Last year the IDF began a new program to combine active duty with Torah study. The program, dubbed Shiluvim (lit. “Integration”) began with just 75 soldiers.

On Sunday, organizers announced that the project is set to double in size in its second year, with roughly 150 young men planning to enlist as Shiluvim soldiers this November.

The new recruits will have a wider variety of service options than their predecessors. While the first Shiluvim soldiers could choose from service in field intelligence, combat support or the Givati brigade, the newest soldiers will also be able to serve in a variety of other areas, including Nahal, Paratroopers, or the IDF Rabbinate.

In addition, organizers reported that the first group of soldiers has performed well in service. Several of the Shiluvim recruits have been summoned to officers' training programs.

The project differs from the traditional Hesder program, which also combines Torah and army service, in the balance it provides. Instead of the 3.5 years of learning and 1.5 of active duty expected of Hesder recruits, Shiluvim combines two full years of service with two of learning. Like Hesder, Shiluvim splits the Torah study in two, with half of the full-time learning occurring before service, and half afterward.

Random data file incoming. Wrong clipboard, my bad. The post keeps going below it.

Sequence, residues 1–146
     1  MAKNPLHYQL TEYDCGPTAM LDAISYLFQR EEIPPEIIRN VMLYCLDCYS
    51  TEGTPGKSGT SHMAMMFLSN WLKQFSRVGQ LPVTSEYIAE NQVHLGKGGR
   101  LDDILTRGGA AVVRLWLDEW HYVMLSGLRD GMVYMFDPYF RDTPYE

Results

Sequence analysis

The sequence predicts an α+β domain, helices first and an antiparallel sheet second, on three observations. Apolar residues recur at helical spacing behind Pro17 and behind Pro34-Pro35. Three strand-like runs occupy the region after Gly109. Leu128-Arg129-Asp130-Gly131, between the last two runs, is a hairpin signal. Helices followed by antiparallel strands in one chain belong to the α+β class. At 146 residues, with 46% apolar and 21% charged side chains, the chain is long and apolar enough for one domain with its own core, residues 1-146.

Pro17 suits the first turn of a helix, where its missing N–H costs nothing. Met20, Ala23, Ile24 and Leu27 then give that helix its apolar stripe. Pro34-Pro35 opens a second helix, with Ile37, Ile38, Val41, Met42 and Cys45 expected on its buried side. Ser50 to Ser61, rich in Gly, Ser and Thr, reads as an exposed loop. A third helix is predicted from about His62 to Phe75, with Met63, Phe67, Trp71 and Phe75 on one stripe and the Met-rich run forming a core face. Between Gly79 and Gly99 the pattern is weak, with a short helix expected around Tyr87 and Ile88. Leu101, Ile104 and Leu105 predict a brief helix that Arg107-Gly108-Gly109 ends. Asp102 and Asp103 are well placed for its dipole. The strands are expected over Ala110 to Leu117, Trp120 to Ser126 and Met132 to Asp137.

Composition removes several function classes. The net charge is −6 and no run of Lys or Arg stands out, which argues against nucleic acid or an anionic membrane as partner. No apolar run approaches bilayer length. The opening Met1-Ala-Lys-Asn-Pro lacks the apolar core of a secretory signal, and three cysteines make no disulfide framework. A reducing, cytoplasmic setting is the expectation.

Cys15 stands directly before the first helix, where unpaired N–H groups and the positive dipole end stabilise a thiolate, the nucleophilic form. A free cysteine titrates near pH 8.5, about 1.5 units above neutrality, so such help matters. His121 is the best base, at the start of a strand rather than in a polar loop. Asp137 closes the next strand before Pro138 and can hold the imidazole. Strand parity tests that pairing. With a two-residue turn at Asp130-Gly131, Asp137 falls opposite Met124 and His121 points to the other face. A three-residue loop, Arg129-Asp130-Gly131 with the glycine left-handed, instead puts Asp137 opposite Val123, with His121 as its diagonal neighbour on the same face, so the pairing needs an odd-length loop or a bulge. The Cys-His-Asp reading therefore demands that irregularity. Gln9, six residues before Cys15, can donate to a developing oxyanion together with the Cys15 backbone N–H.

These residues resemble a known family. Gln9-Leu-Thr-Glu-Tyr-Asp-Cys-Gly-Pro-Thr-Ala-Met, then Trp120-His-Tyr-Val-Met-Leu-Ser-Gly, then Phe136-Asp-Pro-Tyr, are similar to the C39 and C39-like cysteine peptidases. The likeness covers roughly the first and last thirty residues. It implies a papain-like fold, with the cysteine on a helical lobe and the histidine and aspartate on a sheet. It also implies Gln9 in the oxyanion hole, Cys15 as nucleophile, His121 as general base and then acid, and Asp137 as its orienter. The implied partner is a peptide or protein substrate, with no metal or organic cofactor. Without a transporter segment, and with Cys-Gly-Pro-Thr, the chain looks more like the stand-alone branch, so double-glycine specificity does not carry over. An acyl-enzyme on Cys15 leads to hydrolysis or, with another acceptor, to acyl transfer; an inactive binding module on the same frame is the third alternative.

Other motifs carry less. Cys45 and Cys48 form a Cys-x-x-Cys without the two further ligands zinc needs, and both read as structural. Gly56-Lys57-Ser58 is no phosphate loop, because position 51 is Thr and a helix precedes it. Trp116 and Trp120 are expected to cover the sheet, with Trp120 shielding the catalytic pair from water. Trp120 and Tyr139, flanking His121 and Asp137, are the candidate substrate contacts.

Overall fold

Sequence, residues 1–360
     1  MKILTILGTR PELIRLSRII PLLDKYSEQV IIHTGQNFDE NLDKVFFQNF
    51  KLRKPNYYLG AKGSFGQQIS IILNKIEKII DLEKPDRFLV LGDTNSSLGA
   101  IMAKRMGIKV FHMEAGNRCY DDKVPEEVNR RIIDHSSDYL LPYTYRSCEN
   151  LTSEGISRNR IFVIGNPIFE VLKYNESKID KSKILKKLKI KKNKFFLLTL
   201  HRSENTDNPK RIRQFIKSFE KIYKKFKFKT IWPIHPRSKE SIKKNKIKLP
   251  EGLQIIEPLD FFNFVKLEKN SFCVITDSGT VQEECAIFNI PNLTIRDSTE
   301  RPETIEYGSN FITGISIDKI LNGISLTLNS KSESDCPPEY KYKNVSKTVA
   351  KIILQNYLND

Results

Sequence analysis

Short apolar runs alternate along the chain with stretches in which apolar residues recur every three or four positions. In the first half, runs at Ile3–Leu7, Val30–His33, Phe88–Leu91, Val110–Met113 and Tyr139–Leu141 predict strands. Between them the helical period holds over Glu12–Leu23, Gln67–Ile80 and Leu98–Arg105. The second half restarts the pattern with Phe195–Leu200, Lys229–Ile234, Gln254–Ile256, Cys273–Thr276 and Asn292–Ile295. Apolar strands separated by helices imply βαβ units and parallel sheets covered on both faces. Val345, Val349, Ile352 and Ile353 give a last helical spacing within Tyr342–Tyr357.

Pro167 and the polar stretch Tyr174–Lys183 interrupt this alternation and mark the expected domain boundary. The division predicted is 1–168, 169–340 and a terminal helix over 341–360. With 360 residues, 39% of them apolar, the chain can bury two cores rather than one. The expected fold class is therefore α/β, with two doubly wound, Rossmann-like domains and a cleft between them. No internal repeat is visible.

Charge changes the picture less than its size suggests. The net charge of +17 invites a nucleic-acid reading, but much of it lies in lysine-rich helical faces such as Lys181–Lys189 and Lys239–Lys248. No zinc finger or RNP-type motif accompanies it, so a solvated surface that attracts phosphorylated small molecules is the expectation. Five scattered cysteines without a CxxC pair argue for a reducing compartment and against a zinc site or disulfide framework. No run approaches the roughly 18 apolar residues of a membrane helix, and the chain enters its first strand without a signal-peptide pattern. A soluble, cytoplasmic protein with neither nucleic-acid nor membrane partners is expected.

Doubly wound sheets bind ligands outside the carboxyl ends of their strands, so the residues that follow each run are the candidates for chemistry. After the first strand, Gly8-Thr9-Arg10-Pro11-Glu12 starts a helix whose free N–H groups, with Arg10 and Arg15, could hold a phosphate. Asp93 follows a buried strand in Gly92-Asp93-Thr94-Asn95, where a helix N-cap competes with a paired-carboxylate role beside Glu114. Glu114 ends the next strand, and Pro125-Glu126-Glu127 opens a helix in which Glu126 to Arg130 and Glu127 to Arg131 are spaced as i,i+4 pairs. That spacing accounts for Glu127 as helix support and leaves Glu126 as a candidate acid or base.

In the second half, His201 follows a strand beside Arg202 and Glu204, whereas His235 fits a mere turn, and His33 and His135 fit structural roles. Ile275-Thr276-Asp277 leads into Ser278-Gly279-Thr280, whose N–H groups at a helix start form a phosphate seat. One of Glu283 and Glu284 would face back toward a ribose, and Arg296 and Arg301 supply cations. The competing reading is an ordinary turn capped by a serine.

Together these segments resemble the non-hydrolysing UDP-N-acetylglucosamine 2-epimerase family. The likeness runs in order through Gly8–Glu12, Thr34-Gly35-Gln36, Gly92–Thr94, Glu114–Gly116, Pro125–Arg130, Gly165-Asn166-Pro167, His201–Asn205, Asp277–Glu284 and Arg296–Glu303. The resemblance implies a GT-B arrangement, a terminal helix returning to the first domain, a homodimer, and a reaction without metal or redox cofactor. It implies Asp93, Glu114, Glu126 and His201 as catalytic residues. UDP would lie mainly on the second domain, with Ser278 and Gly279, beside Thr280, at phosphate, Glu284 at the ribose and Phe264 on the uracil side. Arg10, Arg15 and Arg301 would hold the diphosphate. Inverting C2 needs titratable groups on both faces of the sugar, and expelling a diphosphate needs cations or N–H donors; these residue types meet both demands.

Previously, some soldiers who would have preferred to serve in a religious framework were deterred by the relatively short stint of active duty in the Hesder framework, and chose to enlist in largely secular units instead.